Are You Living or Existing?
The warmth of the sun caressed her fifteen-year-old bronze body as she sprawled across her full-sized bed. After breaking the news about her newfound love, she felt she owed him an explanation. She needed to use the voice that escaped her the day she left for boarding school.
“You know, I wanted to ask you out last year,” she admitted.
He seemed startled. “Why didn’t you?”
“Because I didn’t want to be rejected!” she laughed.
Seventeen years later, she realizes the fear of rejection has plagued nearly every decision she’s made. How many times did she decide against applying for jobs she secretly wanted? How many times did she remain quiet in meetings when she had ideas to share?
Fear makes you believe he’s protecting you from the most horrible repercussions of risk-taking. He likes to make you think it’s your job to halt the possibility of rejection and avoid shame.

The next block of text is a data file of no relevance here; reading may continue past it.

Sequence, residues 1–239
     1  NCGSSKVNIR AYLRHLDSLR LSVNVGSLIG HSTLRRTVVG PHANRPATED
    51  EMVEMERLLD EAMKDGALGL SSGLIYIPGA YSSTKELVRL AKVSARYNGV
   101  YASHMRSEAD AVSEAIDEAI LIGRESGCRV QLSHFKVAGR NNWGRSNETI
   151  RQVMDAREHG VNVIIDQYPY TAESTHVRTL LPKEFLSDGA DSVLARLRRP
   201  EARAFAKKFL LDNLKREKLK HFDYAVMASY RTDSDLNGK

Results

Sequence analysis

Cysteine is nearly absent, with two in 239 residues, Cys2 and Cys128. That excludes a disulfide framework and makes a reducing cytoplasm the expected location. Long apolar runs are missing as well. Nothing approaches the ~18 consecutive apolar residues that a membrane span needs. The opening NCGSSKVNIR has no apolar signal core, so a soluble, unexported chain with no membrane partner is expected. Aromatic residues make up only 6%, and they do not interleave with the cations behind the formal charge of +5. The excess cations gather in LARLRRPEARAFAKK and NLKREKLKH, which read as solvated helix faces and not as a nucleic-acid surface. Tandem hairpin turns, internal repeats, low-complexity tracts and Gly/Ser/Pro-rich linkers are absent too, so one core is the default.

She thought of shame as her scarlet letter for all to see. She didn’t want to live in the spotlight where all the perfect people go to criticize and condemn individuals like her.
So, she chose a life of silence.
Silence had protected her for so long, she didn’t know how to protect herself. She felt secure in her silence. It’s what she knew.
Have you ever felt like her? You wanted to do more and be more, but the possibility of rejection and shame seemed overpowering.
There comes a day when every individual must decide if she wants to live or simply exist.
Choosing to exist means we become slaves to fear, rejection, shame, and hurt.
When we simply exist, we miss out on opportunities to grow in grace towards others and ourself. We also miss the chance to stretch our faith and increase our boldness.
Yet, when we choose to live, we accept rejection as a moment to discover something new about our character. We get to see how the days we crawled through the trenches and shed pools of tears were worth it.
We realize living is risky, messy, sometimes scary, and yet, beautiful.
When we choose to live, we no longer want to blend in with whitewashed walls. Instead, we abandon our chameleon nature and proudly reveal our scars.